In a letter sent by the European Federation of Energy Traders (EFET) to the Polish Ministry of Energy, Energy Regulatory Office and to the Polish national TSO Gaz-System on July 3, 2017, EFET stressed the negative effect of the amended Act on Reserve of crude oil, refinery products and natural gas on “market participants involved in both the trading and importation of natural gas into Poland” and reinforce the “dominance of the national incumbent”. EFET also underlined that this amendment “represents an unacceptable withdrawal of an acquired legal right … this has caused those market players being locked into future costs linked to business decisions that were taken under a different legal and regulatory framework”.

Warsaw is also reluctant to fully commit to the Europe’s de-carbonisation initiatives widely supported by the majority of the EU member states. On 14 May 2017, the Warsaw Business Journal reported that Grzegorz Tobiszowski, Poland’s deputy energy minister, announced that his country had launched a procedure to block the Commission’s Winter Package aimed at cutting Europe’s CO2 emissions. Poland is reluctant to abandon environmentally unfriendly coal and share Europe’s de-carbonisation burden. It is therefore not surprising to hear Mr. Tobiszowski announcing that Poland will generate nearly 60% of its energy from coal in 2030.

 

Construction of a new energy infrastructure helped Poland to emerge as a competitor to Germany’s North-South gas corridor and this is good news for the EU’s single gas market and European customers. Markets and consumers – not politicians – should decide which source is more convenient. On the contrary, trying to accuse other countries and companies of non-market behavior is not constructive and is unlikely to bring additional benefits.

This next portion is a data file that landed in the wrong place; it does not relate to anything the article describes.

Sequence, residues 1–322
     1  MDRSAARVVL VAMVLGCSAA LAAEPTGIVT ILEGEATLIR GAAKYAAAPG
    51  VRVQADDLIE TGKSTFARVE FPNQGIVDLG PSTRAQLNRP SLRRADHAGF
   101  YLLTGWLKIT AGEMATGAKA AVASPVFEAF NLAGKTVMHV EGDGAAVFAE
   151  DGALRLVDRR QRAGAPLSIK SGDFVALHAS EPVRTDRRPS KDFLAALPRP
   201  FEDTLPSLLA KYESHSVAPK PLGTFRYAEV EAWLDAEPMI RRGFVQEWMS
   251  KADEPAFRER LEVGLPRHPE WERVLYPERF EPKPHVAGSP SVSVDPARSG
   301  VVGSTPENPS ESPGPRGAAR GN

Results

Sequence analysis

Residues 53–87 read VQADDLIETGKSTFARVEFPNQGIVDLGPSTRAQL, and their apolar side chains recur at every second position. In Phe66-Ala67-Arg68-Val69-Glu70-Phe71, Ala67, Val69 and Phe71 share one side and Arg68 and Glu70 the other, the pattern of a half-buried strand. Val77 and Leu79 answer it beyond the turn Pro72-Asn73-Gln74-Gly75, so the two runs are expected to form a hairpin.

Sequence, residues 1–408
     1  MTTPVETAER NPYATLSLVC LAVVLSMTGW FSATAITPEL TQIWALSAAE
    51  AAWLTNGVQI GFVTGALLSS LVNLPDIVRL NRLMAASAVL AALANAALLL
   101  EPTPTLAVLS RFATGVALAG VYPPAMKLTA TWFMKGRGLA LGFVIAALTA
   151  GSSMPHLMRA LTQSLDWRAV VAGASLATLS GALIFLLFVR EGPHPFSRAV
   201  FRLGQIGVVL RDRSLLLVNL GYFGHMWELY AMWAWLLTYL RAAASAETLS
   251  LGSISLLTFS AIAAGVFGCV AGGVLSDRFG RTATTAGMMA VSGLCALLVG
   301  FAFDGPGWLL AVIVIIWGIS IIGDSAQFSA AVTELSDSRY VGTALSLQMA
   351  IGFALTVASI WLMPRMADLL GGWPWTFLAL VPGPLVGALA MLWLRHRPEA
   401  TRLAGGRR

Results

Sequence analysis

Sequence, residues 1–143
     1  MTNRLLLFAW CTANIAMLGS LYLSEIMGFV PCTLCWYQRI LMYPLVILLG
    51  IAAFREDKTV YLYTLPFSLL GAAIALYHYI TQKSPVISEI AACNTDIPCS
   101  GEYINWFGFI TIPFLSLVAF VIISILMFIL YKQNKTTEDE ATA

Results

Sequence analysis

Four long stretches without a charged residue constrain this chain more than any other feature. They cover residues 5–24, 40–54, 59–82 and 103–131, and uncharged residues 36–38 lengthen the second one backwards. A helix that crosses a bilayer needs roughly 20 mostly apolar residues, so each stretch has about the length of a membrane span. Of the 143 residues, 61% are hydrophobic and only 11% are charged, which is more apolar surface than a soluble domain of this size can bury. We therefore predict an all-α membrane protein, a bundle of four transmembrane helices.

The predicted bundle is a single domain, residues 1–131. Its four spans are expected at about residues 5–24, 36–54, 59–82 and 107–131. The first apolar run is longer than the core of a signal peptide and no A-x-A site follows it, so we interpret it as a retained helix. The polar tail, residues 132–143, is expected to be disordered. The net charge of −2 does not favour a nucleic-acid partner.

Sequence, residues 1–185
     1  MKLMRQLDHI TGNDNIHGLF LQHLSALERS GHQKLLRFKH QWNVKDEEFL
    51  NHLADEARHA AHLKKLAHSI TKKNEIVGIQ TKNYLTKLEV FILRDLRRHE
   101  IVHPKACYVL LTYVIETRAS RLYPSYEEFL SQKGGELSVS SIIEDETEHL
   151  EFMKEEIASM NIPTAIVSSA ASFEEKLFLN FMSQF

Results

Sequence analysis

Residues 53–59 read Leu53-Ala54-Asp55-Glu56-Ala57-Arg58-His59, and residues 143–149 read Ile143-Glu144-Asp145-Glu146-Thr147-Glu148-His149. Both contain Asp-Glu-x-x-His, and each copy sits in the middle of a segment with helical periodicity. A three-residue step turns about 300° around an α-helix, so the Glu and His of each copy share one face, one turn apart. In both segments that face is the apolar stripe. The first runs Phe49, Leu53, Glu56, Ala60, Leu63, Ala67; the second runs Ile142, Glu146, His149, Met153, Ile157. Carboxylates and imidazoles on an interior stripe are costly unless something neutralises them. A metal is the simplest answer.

For example, Poland’s PGNiG recently issued its’ observations on the commitments proposed by Gazprom to DG COMP. The Polish gas company criticised a number of the projects related to Gazprom including the Nord Stream 2 pipeline. PGNiG claimed Nord Stream 2 will force Gazprom “to raise the prices for CEE Countries”. Additionally, such a practice would “block significant capacities within Europe, preventing other suppliers from selling gas to CEE Countries … will incentivise Gazprom to abuse its dominant position against PGNiG”.

This claim is based on the static assumption, while the future is dynamic and the markets will respond to price differences. Eventual price divergence between east and west would therefore justify new interconnectors. Furthermore, network codes have already changed the capacity booking and new rules are already in place to build additional capacity. Consequently, market players will be able to book pipelines to access the hubs in the west as capacity is sold via an open auction process, and unused capacity, even if it is reserved, is always available to the market.

Trying to shield the national market from healthy competition and employing the rules a la carte will be counter-productive for Polish consumers and energy markets in the short- and mid-term. Furthermore, promoting one infrastructure/supply solution at the expense of others – especially with the help of non-market mechanisms – could have a seriously damaging effect on Europe’s competitiveness.

On the contrary, if Poland fully liberalises its energy market and stick to the EU’s “rules of the game”, it will be able to achieve both national and EU goals by honoring its’ climate commitments, getting access to competitive energy supplies and reducing the country’s energy dependency via the access to alternative energy supplies.

Disclaimer: The views expressed here are solely those of the author and do not represent views of his organisation.